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Truth from the Mouth of Survivors

Inspiration After Witnessing the Face of the Me Too Movement, Mrs. Tarana Burke

Image Credit: Mrs.Tarana Burke and Survivors

We all have the power to be messengers, holding power in our throats or with our fingers that type away taking so much time to say our truth. The benefits of a platform is that someone is always watching, and if we are lucky, receiving and then spreading the message to others. What is the purpose if we are not listening, and then practicing what we receive for good. At my campus I had the privilege of seeing and hearing Tarana Burke. That is another benefit of University, which is the opportunity to witness current events come to life in front of you. Tarana Burke I found out is from the Bronx New York, she started organizing at the age of 14, and she grew up as a "know it all" kid knowing how to recite "For Colored Girls who have Considered Suicide/ When the Rainbow is Enuf" by Ntozake Shange. Her family grew up with immense black pride, which reminds me of my own. Mrs. Burke was a teacher, and she carries herself in my opinion like a modern-day Dr. Maya Angelou. She has a familiar yet a striking, grand presence. Her still strong New-York accent reminded me of my elementary school teachers back in Brooklyn. A teacher is better than any other profession. The good ones change your life and are ingrained in our memories like our first loves.

Mrs. Burke cleared up misconceptions about her movement. Me Too is actually over a decade old, 13 years if I can recall properly. Instead of its one "year "anniversary within the media worldwide. Me Too is a network for survivors of sexual harassment and assault. It is not a movement solely for cis-gendered white-women against "powerful" men. Me Too is not only a woman's movement. Mrs. Burke exclaimed that her movement was originally started for black girls that survived sexual harassment or abuse. While in Alabama Mrs. Burke realized that almost half of the girls in each of her classes were attempting to learn with the trauma of sexual assault or harassment. Many of the perpetrators are close friends or family members to the survivors. Mrs. Burke herself was inspired by her girls to affirm, and believe their stories, and to offer actual healing tools.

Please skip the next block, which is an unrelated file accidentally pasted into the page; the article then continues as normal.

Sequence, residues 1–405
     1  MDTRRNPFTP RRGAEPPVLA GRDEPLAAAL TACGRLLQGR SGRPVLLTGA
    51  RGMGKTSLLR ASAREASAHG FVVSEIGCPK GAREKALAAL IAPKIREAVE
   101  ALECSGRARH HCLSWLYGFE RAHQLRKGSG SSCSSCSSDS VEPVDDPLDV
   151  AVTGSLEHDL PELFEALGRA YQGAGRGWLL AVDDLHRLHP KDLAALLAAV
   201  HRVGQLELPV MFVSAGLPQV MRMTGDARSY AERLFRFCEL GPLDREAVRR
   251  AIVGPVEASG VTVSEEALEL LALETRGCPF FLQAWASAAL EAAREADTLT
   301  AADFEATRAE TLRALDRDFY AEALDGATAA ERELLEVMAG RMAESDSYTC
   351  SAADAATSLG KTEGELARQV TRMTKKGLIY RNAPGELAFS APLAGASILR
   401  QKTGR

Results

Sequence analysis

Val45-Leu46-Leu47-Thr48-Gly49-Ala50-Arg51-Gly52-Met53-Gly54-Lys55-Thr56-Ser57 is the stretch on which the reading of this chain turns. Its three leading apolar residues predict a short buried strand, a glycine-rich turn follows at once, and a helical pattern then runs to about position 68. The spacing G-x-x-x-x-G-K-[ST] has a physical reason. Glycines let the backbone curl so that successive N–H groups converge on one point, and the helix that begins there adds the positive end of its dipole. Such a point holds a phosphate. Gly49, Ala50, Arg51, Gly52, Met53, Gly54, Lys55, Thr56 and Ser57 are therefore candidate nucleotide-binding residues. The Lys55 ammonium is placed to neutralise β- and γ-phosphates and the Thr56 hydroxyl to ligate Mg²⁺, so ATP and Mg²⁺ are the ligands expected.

Me Too branched out to eventually include women and men of all races, all classes, Queer, non-binary etc. Because in our culture where we learn that boys ultimately have their pick over the bodies of women, and men in cases, then it becomes an ordinary part of culture. Mrs. Burke believes that as early as kindergarten, boundaries should be taught to boys and girls. It is a shame that sexual assault and harassment still in 2018 is a sticky subject within our families, at work, and within our institutions. This trauma going unacknowledged is burdening survivors. If we can't speak out and get healing then it is a slow death of the mind. The death of the mind and voice from experience always manifests physically in due time.

Trauma unhealed or dismissed creates opportunity for more offenders to feel obligated over others' bodies. An unchecked system will always continue without laws or a major cultural shift. My prayer for the Me Too Movement is that the media allows the survivors to continue to define themselves. The perpetrators get far too much limelight. Survivors need to tell their stories to heal and become resilient. Showing other survivors that they belong to all of us can mean wonders. The trauma is painful, but it is not who we are.

I have had cases of being a witness of sexual harassment, and I do consider myself to have been violated by the eyes and pursuits of young boys because of this culture. I remember guys feeling a sort of obligation to look at my developing body. There was one point back in Middle-school that I can recall. He asked me what my bra-size was, and then he wanted to meet me in an isolated part of the back-steps to do God knows what. I remember feeling disgusted from this. I told him to never speak to me again. And he believed me. I have witnessed countless experiences with boys touching girls bodies, harassing comments, and a pouncing on our feelings, with male teachers dismissing it. This culture is shifting because of Me Too.

We need to tell our stories over and over, endlessly until practices change. We need to be in relationship with each other differently, questioning always, and acting differently. Use your strengths to change the world. Don't think so small minded when it comes to survivors getting free. It is an everyday struggle, but we cannot forget. We have to believe each other, and respect our stories. I believe you, Mrs. Burke, and your movement is not just a media story or a moment in time. These are our bodies and hearts. This is about human dignity. Much love to all of my readers <3

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